Friday, September 15, 2006 – Friday, September 22, 2006 – Monday, September 25, 2006
century democratization – a selected chronology
1974 – Portugal, Greece
1978 – Spain
1983 - Argentina
1985 - Brazil
1989 - Hungary, Chile
1990 – Germany (East), South Africa
Weimar Republic of Germany (1919-1933)
The Weimar republic is the name of the regime established in Germany after the dissolution of the
monarchy in the aftermath of Germany’s defeat in World War 1.
The constitution of the Weimar republic provided for open elections to Parliament (the national legislature)
for representatives of a wide range of ideologies including old monarchists, conservatives, liberals, socialists and
At the outset the Weimar republic was beset with a number of problems:
hyperinflation, prices could double in days
resentment at the conditions imposed on a defeated Germany – no army, very high war reparations
hatred among political groups directed against the communist and Germany’s Jewish population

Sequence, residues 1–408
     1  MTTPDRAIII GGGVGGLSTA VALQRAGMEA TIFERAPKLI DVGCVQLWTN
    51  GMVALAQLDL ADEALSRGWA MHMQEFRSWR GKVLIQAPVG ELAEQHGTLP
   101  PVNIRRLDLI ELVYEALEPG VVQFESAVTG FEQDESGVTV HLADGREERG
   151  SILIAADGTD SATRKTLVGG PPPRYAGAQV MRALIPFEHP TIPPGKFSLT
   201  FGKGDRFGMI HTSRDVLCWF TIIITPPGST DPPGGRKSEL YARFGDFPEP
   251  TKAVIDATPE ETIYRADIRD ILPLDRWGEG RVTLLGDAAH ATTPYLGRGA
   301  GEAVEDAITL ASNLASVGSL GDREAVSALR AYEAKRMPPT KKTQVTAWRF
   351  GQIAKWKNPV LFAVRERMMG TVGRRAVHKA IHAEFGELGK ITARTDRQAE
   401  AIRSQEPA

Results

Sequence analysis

in 1933, the national socialist party (NAZI) won a plurality (43%) but not a majority in the parliamentary elections.
Hitler named chancellor or chief executive.
Monday, September 18, 2006
Democracies are frail regimes
Illustrate the process of democratization:
poorest country in western Europe end of 19
had history of authoritarian rule (church)
1960s, there was a tremendous outburst on the African continent of colonial countries wanting
Reason: this case does not fit the Aristotelian/Lipset Proposition about the middle sectors and democracy
Portugal was the first European country to exploit the riches of overseas trade and conquest begun under Henry
the Navigator (1396-1460) during the Age of Exploration.
However, by the 20
century Portugal had become one of the poorest nations in Europe.
retained control, i.e.
it was the effective state in its African possessions in Angola and Mozambique.
In 1932 Antonio Salazar overthrew a weak democracy and converted the Portuguese state into an
In 1970 Salazar died of a stroke and Marcelo Caetano replaced him.
Under the authoritarian rule of Salazar and Caetano Portugal remained a poor and isolated country. It did
not produce adequately to be self sufficient and relied on its overseas possessions to make up for its economic
However, elements in the African possessions began an armed struggle for independence. Portugal
responded by mobilizing a large army to subdue this insurgency.
This was an expensive proposition which Portugal
could ill afford to sustain.
In 1974 the Army hero of the colonial wars, General Antonio Spinola published a book, Portugal and the